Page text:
Looking for something a little bit different and to enjoy this weekend? Try Kyoto. Well, it is my favourite place and an obvious choice if you know me. Despite the flooding damage caused by Monday’s typhoon, it was reported that most shops at popular tourist destinations were already cleaned up, restocked, and re-opened by Wednesday. If you’re looking for something interesting, wanting to financially support a community, and enjoy the last of the summer sun, this is the place. For more photos go to the Kyoto gallery, and check the Kyoto blog tags for more info.
On the 3rd September 1868 the de-facto capital of Japan, Edo, was renamed “Tokyo”. At that time, Edo was already the cultural and political centre of Japan under the Tokugawa shogunate (Wikipedia: Edo), and so it only made sense to the Japanese at that time to move the emperor from Kyoto to Tokyo. In case you haven’t noticed, the Roman-spelling similarities between Kyoto and Tokyo, let me explain. “Kyoto” in Chinese characters is 京都, as in ‘kyo’ and ‘to’; and Tokyo is 東京, as in ‘to’ 東 and ‘kyo’ 京. Whilst ‘kyo’ is the same character, ‘to’ is the same pronunciation of two different characters. The Kyoto ‘to’ is a historical hangover from it’s early name, ‘kyo-no-miyako’ (京の都), which means ‘capital city’, but has since been shortened (Wikipedia: Kyoto).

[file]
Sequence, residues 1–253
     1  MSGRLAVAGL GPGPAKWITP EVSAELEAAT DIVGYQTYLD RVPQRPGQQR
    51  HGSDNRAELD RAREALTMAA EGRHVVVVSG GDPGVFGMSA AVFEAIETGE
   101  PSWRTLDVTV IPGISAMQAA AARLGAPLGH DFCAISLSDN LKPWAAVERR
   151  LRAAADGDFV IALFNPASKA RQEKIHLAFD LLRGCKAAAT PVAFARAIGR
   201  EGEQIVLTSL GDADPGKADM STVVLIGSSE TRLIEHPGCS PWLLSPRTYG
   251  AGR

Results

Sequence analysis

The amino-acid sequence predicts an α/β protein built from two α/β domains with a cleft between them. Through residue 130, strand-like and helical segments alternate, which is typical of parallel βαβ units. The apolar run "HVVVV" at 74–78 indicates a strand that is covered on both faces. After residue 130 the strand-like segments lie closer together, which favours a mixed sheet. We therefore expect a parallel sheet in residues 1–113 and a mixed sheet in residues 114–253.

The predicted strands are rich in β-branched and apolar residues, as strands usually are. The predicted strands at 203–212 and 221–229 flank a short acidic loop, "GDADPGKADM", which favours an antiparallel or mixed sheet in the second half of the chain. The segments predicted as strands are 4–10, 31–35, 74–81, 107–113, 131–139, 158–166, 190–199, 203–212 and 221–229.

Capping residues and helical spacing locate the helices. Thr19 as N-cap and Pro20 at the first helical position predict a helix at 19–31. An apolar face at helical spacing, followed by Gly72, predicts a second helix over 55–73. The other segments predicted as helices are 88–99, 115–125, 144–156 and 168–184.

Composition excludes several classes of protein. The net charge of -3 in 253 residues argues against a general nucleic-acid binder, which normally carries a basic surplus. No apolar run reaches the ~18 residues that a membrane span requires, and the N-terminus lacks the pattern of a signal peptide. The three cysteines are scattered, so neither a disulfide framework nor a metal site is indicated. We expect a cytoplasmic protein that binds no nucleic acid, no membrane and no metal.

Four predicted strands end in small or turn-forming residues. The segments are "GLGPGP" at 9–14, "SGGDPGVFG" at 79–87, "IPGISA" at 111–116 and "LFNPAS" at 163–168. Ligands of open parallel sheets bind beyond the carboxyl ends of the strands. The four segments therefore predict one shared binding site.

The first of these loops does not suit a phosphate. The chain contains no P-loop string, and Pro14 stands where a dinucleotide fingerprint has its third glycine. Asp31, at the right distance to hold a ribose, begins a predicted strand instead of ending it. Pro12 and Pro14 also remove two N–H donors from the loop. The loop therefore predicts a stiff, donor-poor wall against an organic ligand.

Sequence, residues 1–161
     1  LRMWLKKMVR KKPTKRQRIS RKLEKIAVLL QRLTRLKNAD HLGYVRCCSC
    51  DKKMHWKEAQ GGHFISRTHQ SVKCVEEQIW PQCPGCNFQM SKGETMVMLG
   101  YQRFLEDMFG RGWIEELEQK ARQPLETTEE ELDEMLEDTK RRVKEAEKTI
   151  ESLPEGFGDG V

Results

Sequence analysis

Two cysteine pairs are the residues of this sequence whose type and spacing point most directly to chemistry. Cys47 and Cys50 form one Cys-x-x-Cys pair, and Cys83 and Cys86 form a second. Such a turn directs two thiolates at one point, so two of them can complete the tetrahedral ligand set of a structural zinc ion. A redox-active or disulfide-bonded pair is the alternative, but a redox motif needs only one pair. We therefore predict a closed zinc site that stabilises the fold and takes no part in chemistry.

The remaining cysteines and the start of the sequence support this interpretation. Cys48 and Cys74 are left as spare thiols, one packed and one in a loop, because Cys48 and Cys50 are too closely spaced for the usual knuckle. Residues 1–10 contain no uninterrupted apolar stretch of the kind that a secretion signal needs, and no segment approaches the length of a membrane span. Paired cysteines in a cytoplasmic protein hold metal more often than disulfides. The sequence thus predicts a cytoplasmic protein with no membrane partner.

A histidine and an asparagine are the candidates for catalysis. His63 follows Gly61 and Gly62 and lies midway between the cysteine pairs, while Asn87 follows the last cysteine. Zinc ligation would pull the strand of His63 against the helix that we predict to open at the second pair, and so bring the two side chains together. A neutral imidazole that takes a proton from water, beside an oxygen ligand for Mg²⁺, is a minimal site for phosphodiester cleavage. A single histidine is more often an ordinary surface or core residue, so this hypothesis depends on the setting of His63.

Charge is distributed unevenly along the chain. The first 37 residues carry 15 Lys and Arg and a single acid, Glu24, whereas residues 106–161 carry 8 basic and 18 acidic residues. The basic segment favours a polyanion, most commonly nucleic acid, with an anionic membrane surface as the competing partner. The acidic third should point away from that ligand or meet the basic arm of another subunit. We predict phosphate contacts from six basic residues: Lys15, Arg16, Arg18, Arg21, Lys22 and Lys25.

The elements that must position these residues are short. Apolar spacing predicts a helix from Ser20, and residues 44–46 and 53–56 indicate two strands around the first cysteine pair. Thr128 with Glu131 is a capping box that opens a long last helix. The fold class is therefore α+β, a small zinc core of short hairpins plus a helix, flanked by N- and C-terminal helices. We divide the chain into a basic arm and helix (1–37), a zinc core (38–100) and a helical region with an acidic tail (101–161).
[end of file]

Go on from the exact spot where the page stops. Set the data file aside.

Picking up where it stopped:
As for photos… how can I say this? In all the years I’ve lived in Japan, I’ve never visited Tokyo (update 2016, I have now). I’ve been to Fukuoka, Kyoto (lots), Osaka, Nara, Fukui, Shirakawa, Takayama (of course you know these places), but not Tokyo. So, this photo represents the closest connection I have with Tokyo, an airplane-window view of downtown Tokyo and Tokyo Bay (Google Maps). Thanks to JapanThis on twitter for alerting me to this.
View of Tokyo & Tokyo Bay on a flight to Nagoya.
Earlier, the BBC News website reported that there was a fireworks explosion, injuring and seriously injuring about 50 people including children in Kyoto, and of which caused the cancellation of a fireworks display (BBC News). It was later revealed that it was a food stall or similar (like shown below) was using a generator and possibly was refilling the generator fuel tank when some fuel splashed onto the generator itself, causing a fire and explosion of the fuel tank. Then later a second fuel tank exploded, of which was recorded and released on the internet. Stalls like these below are typical scenes seen all over Japan for all festival and cultural events. See the Japan Today article for more information. These images, and others like them are available at my portfolio and my agent’s website.
Both images are typical stalls found at all Japanese festivals. The lights are typically powered by fuel generators.
Images like these are available at http://ablyth.photoshelter.com.